AUDIO/VIDEO: We’re all aware by now of the problems facing California, but there isn’t enough discussion of practical solutions. This interview is a review of a nine-part series written for the California Policy Center that offers policy solutions to seven critical challenges: Energy, Water, Transportation, Housing, Homeless and Law Enforcement, Forestry, and Education. Edward Ring with Siyamak Khorrami on California Insider.

Edward Ring

Edward Ring is a contributing editor and senior fellow with the California Policy Center, which he co-founded in 2013 and served as its first president. He is also a senior fellow with the Center for American Greatness, and a regular contributor to the California Globe. His work has appeared in the Los Angeles Times, the Wall Street Journal, the Economist, Forbes, and other media outlets.

Help support more content like this. Click here.

The Courage to Find Common Ground

The power of polarizing issues, inflamed by social media, has reduced opportunities for Americans to work together to achieve objectives about which they normally would agree. Bitter disagreement among Americans on issues ranging from vaccination policy to policies governing abortion, immigration, critical race theory, and gender, leave them barely willing to work together on anything.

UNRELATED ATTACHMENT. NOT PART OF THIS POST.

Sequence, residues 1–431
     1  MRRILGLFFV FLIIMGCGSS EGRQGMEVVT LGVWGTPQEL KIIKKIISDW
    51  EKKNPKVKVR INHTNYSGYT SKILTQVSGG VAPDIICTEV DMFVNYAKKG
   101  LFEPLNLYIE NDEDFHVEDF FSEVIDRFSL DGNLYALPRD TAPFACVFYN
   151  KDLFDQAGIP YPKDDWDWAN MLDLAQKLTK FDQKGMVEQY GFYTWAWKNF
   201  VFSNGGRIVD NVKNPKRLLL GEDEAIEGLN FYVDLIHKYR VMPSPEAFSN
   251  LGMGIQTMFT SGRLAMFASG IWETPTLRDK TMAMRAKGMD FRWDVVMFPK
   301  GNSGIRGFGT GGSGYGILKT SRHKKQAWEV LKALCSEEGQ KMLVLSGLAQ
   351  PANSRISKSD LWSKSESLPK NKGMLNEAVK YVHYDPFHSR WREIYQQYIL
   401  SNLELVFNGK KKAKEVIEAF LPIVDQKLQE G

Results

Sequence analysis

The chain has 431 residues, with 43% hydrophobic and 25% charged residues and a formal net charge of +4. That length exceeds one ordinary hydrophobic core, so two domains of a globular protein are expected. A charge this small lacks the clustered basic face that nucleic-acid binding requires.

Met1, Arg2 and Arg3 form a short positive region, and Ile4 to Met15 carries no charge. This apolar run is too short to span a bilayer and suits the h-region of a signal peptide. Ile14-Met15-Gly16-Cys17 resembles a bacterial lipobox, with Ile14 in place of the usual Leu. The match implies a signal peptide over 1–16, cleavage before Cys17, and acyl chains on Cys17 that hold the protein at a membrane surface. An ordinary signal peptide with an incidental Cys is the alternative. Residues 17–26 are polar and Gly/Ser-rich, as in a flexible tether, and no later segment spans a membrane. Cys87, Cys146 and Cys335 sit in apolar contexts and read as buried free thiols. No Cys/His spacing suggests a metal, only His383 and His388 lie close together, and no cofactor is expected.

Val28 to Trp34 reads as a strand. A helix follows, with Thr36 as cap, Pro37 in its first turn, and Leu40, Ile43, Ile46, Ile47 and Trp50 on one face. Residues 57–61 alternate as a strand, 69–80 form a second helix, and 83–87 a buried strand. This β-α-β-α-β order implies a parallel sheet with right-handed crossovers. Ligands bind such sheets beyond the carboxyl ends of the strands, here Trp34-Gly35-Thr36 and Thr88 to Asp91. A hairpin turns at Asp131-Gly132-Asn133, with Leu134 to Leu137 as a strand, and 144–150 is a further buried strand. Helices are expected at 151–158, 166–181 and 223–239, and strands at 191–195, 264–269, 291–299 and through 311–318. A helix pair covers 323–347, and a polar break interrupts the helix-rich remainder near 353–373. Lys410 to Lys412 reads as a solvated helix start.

One area of broad agreement, however, is infrastructure. Nearly all Americans agree that infrastructure, as it is traditionally defined, needs new investment. Freeways, bridges, railroads, dams, aqueducts, seaports, airports, transmission lines, pipelines; all of this needs to be maintained and upgraded. Trillions need to be spent.

But even on issues where there is potential agreement, solutions are now filtered through the lens of polarizing ideologies. What is today’s definition of infrastructure? Is it physical assets, or something more ephemeral? Do infrastructure priorities have to be established based on restoring race and gender equity, or by concerns about climate change? Should some infrastructure deliberately be allowed to deteriorate, to avoid “induced demand” and the unsustainable consumption that would result?

Debate over these questions, waged by politicians already alienated from one another on unrelated issues that are nonetheless far more relevant to their constituents, has paralyzed America’s ability to upgrade its infrastructure. Navigating a pathway out of this paralyzing morass takes more than just compromise, it takes the courage to adhere to controversial premises.

Chief among these is to reject the idea that legislated scarcity is the only option to combat climate change. In every critical area […] Read More